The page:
• Cannabis use and abstention in first-episode psychosis: the participants’ view

      Seddon, Jennifer L.; Copello, Alex; Birchwood, Max (Taylor & Francis, 2012-02-13)
      Cannabis use has been identified as a prognostic factor for poor outcome in first-episode psychosis (FEP). The research aimed to understand the factors that motivate or inhibit the use of cannabis in people with first-episode psychosis. Thirty first-episode psychosis patients (18 cannabis users and 12 abstainers) were interviewed using qualitative semi-structured methods in order to investigate the self reported factors perceived to influence cannabis abstention, initiation, continued use and consumption change. Interviews were transcribed verbatim and analysed using grounded theory based methods. Psychosis specific reasons were not found to be motivationally salient for the initiation or continued use of cannabis, but were found to be important for decreased consumption and cessation. Mental health concerns, such as the impact of cannabis on relapse and psychotic symptom exacerbation were also found to motivate abstention. Psychosis related reasons do not appear to motivate the initial or continued use of cannabis, although thedeleterious effect of cannabis to mental health may promote decreased cannabis consumption, cessation and abstinence following the onset of psychosis. Therefore substance use early interventions for this population should aim to increase emphasis on the potential harms of cannabis to mental health.
    • Cannabis use is associated with increased psychotic symptoms and poorer psychosocial functioning in first-episode psychosis: a report from the UK National EDEN Study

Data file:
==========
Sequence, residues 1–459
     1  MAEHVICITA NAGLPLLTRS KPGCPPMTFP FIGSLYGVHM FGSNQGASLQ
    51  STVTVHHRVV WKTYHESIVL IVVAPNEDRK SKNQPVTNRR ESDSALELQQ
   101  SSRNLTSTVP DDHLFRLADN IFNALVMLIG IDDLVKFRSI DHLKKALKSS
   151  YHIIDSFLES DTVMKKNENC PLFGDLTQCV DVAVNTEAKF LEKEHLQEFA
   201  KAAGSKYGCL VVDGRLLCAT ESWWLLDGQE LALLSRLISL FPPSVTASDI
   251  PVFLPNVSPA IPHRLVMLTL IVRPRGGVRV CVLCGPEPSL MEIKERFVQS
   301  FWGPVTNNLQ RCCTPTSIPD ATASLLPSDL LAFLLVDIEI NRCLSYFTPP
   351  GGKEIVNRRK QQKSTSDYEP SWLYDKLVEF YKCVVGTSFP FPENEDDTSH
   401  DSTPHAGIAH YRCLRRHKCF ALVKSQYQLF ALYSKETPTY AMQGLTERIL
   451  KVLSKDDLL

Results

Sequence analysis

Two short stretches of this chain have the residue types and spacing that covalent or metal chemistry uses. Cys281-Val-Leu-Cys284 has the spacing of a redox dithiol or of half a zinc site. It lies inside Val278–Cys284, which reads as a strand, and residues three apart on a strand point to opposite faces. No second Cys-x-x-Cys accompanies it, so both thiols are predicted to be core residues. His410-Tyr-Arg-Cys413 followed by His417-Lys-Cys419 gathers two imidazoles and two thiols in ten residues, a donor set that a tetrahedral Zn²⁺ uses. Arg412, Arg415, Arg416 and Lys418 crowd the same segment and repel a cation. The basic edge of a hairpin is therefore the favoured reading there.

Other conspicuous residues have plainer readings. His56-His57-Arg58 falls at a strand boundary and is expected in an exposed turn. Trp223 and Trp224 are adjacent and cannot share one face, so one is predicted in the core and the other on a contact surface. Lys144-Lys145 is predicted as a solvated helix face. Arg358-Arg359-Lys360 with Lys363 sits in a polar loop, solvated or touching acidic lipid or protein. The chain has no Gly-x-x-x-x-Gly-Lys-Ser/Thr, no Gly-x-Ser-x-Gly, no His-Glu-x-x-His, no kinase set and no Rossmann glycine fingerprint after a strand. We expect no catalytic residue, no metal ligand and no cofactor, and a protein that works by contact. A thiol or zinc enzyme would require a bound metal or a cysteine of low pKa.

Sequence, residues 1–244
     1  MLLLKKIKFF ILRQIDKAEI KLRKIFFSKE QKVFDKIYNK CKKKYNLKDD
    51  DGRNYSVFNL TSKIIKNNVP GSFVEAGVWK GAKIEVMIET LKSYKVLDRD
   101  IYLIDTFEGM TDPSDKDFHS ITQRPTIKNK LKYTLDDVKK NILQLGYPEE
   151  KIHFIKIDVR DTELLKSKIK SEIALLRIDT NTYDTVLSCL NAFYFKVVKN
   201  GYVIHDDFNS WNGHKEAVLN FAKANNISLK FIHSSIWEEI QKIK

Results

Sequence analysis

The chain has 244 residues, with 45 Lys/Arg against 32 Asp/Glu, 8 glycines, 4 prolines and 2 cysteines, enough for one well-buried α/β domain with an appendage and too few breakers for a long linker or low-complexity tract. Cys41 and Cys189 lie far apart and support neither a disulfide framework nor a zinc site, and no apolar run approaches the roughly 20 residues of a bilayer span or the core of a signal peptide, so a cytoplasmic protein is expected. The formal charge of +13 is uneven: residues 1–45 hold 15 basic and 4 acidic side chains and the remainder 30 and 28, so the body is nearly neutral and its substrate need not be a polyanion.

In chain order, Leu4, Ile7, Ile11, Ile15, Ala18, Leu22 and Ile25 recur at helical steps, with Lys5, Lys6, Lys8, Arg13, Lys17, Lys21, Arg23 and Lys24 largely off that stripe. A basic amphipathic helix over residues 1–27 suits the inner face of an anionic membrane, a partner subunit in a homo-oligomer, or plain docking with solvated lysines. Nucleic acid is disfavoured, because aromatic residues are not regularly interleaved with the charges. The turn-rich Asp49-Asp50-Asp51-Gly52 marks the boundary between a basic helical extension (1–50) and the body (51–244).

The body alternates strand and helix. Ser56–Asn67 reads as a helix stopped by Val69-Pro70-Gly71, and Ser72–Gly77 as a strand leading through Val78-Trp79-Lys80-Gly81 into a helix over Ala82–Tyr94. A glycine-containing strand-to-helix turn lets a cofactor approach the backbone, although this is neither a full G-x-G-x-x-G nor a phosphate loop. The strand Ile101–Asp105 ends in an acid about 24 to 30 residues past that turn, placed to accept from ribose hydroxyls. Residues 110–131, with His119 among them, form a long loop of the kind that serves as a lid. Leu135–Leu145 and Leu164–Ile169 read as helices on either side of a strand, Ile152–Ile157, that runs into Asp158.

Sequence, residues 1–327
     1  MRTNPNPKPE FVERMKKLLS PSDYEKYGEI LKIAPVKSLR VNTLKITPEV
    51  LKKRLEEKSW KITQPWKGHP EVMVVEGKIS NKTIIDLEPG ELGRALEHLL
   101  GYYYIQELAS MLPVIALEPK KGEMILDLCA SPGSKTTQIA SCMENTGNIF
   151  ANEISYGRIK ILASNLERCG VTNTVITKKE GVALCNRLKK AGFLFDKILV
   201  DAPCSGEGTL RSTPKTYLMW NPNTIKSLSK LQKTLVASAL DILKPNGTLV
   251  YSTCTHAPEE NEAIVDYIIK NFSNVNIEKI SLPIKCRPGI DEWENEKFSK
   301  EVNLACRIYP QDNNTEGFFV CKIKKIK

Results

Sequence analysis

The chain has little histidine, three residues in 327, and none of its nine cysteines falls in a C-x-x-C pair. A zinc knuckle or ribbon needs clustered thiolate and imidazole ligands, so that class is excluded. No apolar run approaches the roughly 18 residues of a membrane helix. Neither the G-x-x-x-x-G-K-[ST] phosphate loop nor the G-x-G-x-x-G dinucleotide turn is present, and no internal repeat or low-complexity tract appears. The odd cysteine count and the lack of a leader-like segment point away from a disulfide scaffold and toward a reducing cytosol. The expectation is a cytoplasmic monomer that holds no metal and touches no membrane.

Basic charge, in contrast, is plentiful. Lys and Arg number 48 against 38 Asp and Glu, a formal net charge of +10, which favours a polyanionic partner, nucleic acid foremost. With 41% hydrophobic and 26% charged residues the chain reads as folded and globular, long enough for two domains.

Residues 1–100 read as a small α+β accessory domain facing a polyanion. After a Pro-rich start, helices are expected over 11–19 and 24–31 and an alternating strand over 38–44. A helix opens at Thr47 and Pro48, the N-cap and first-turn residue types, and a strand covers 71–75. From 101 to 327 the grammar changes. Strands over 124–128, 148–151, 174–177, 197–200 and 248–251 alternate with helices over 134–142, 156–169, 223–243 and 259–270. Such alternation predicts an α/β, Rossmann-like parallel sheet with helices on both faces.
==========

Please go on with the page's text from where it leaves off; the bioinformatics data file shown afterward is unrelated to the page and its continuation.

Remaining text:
Seddon, Jennifer L.; Birchwood, Max; Copello, Alex; Everard, Linda; Jones, Peter B.; Fowler D; Amos, Tim; Freemantle, Nick; Sharma, Vimal; Marshall, Max; et al. (Oxford University Press (OUP), 2016-05-30)
      OBJECTIVE: The use of cannabis during the early stage of psychosis has been linked with increased psychotic symptoms. This study aimed to examine the use of cannabis in the 12 months following a first-episode of psychosis (FEP) and the link with symptomatic course and outcome over 1 year post psychosis onset. DESIGN AND SETTING: One thousand twenty-seven FEP patients were recruited upon inception to specialized early intervention services (EIS) for psychosis in the United Kingdom. Participants completed assessments at baseline, 6 and 12 months. RESULTS: The results indicate that the use of cannabis was significantly associated with increased severity of psychotic symptoms, mania, depression and poorer psychosocial functioning. Continued use of cannabis following the FEP was associated with poorer outcome at 1 year for Positive and Negative Syndrome Scale total score, negative psychotic symptoms, depression and psychosocial functioning, an effect not explained by age, gender, duration of untreated psychosis, age of psychosis onset, ethnicity or other substance use. CONCLUSION: This is the largest cohort study of FEP patients receiving care within EIS. Cannabis use, particularly "continued use," was associated with poorer symptomatic and functional outcome during the FEP. The results highlight the need for effective and early intervention for cannabis use in FEP.